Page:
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Bridge Of Lyth, Hill Of Works

Broch (Iron Age)(Possible)

Site Name Bridge Of Lyth, Hill Of Works

Classification Broch (Iron Age)(Possible)

Canmore ID 8842

Site Number ND26SE 2

NGR ND 2903 6255

Datum OSGB36 - NGR


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Administrative Areas

  • Council Highland
  • Parish Bower
  • Former Region Highland
  • Former District Caithness
  • Former County Caithness

Archaeology Notes

ND26SE 2 2903 6255.

(ND 2903 6255) Hill of Works (NAT)

Broch (NR)

OS 6" map (1970)

Hill of Works broch has an internal diameter of 29ft and a wall thickness of about 13 ft and has apparently had no guard chamber. It stands to a maximum height of 4ft in the interior and 2ft 6 ins on the exterior.

In the central court is a well, to which steps descend, and portions of flags protrude through the covering of vegetation. A secondary wall projects from the internal wall of the broch at the end of the entrance passage.

A concentric wall runs around three-quarters of the circumference of the broch, at a distance of 3 to 4ft, terminating on the WSW and SSE at the ends of approaching passges. The remaining segment has been faced with a scarcement.

At a distance of 26ft from the broch on the N and 50ft on the S is an encircling ditch about 45ft wide. It survives to a depth of 10 ft on the N, is less well defined on the S, and has disappeared on the W.

The broch was excavataed by Sir Francis Tress Barry in 1900, producing fragments of coarse hand-made pottery, some of which, together with other finds from the broch, are in the National Museum of Antiquities of Scotland (NMAS). Lying on the floor of the mural chamber were the remains of two skeletons.

The area between the broch and the ditch does not appear to have been explored.

Proc Soc Antiq Scot 1904; Proc Soc Antiq Scot 1909; RCAHMS 1911, visited 1910.

The Hill of Works broch, situated in a small copse, is generally as described above. The steps to the well are no longer discernible, and only vague traces of the concentric wall, 1.0m from the broch, can still be seen. No traces of the scarcement around the S periphery of the broch could be found. Outside the ditch in the N, there is a semicircular earthen bank, 0.8m high.

Immediately S of the broch are several heaps of stones, probably spoil from the excavated site.

Resurveyed at 1:2500.

Visited by OS (NKB) 15 September 1965

Hill of Works broch, which is becoming increasingly obscured by vegetation, is as described by the previous authorities except that the scarcement in the S is now evident, with the top of the broch's outer face above it visible as a slight change of slope.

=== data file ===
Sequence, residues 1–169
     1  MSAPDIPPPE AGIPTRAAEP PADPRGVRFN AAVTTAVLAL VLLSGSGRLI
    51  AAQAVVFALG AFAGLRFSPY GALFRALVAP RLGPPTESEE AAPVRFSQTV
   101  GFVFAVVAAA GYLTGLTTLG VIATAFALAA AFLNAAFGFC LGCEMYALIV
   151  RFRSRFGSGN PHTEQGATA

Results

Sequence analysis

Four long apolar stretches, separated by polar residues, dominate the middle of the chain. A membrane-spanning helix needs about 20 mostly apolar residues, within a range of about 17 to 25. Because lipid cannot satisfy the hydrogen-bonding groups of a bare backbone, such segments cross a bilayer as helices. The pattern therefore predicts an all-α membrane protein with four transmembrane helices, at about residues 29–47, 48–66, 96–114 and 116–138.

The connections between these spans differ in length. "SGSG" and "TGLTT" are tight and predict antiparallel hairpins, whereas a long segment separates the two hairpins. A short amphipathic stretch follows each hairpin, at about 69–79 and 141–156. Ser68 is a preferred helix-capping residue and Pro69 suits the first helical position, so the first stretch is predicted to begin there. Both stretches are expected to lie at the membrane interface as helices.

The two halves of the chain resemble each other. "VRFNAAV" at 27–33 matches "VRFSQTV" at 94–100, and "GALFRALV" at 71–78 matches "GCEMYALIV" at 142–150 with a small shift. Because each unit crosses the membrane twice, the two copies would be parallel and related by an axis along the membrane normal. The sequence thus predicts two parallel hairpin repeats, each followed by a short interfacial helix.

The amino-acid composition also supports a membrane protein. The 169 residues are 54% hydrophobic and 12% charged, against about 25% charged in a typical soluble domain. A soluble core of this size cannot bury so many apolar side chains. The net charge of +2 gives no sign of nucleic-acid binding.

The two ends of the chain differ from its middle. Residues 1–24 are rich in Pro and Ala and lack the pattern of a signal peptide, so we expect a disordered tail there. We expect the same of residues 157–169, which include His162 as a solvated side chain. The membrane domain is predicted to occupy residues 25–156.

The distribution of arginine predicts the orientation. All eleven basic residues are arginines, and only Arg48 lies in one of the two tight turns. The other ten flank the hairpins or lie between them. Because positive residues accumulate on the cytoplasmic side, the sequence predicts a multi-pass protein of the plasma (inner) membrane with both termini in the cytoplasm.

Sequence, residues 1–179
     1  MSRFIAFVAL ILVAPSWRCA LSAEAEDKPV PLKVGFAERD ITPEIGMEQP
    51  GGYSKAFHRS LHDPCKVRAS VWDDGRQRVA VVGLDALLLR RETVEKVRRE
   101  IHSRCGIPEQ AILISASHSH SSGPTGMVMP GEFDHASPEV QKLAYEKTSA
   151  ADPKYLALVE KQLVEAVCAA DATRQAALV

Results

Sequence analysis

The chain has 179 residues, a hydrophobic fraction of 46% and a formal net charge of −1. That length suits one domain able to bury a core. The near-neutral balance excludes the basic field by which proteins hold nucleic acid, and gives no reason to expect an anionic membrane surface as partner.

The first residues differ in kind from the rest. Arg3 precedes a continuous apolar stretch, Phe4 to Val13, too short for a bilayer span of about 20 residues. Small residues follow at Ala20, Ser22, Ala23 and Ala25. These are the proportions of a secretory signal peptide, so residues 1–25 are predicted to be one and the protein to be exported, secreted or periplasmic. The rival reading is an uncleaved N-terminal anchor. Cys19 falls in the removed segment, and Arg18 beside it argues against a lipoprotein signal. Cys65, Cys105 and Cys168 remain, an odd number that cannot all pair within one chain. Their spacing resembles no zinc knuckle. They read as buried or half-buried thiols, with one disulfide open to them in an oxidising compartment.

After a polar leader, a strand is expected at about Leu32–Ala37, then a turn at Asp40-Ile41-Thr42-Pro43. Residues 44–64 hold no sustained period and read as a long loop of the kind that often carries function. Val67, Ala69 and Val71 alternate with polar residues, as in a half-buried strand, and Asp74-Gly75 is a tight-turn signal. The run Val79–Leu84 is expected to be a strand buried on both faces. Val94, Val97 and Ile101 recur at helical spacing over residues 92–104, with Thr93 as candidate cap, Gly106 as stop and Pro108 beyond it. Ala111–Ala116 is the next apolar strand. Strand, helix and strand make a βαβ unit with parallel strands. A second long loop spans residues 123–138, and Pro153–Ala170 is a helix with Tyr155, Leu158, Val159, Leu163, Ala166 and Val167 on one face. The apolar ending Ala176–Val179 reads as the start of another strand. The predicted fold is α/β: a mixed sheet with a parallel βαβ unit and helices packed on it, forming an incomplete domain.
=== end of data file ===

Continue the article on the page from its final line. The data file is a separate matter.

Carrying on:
Visited by OS (JB) 6 May 1982

Broch, 'Hill of Works'. Diameter: 70m. Excavated monument 2m high with much facing visible. Entrance lies on the WSW.

R J Mercer, NMRS MS/828/19, 1995


Publication Account (2007)

ND26 7 HILL OF WORKS ('Barrock Broch') ND/2903 6255

This probable solid-based broch in Bower, Caithness, stands on flat ground. It was excavated in 1900 by Sir F Tress Barry and the only available account of the work is that compiled by the Royal Commission. Barry's plan is reproduced here. A much more recent plan of the still visible remains was made by Swanson [5]. Some trees grow on the site but the broch is still well preserved [5].

The main entrance is on the west-south-west and is 3.97m (13ft) long, 1.02m (3ft 4in) wide at the outer end with a pair of door-checks 2.4m (8ft) from the exterior. From the plan these seem to have been built, rather than made from projecting slabs on edge; however the masonry in this area is now broken down [5]. The passage behind them is 1.2m (4ft) wide.

A mural cell was at 8 o'clock and may have contained the stair, though this is not marked on the plan; this is a common position for a broch stair. The remains of two skeletons (presumably human) were found on its floor. Swanson observed another break in the inner face at about 2 o'clock which she thought might be another doorway [5], even though the original plan does not show one.

A well with steps leading down into it was found in the floor in front of this cell and slightly clockwise from it and there are various flagstones on edge in the interior which might be secondary. A line of masonry continues the right side of the entrance into the interior for 2.1m (7ft). The maximum height of the wall at the time of excavation was 1.2m (4ft).

There seems to have been a concentric face of masonry around the outer face of the broch, forming in effect a long curved passage around the structure. Another long passage containing a sharp bend, presumably secondary, leads to the main entrance and also connects with the concentric passage. Yet another passage leads outward from the latter at about 2.30 o'clock; part of the concentric wall can still be traced, as can the lines of the approach passages [5]. An outer ditch can still be traced running two thirds of the way round the broch, 7.9m (26ft) from it on the north and 15.25m (50ft) on the west; it is obliterated elsewhere. No doubt there were outbuildings between the ditch and the broch but they do not seem to have been explored. A stony rampart lies beyond the ditch [5].

Dimensions: internal diameter 8.85m (29ft), external c. 16.47m (54ft), so the wall proportion is about 48%. Swanson gives the internal diameter as 8.6m [5].

Finds [3]: these include 4 sandstone whorls; 1 handled stone cup [3] and the basal half of 1 large pottery vessel similar to those found at Keiss North (ND36 5) [2].

Sources: 1. NMRS site no. ND 26 SE 2: 2. Proc Soc Antiq Scot 38 (1903-4), 252 (find): 3. Proc Soc Antiq Scot 43 (1908-9), 17 (finds): 4. RCAHMS 1911b, 1-2, no. 3 and fig. 1: 5. Swanson (ms) 596-99 and plan.

E W MacKie 2007


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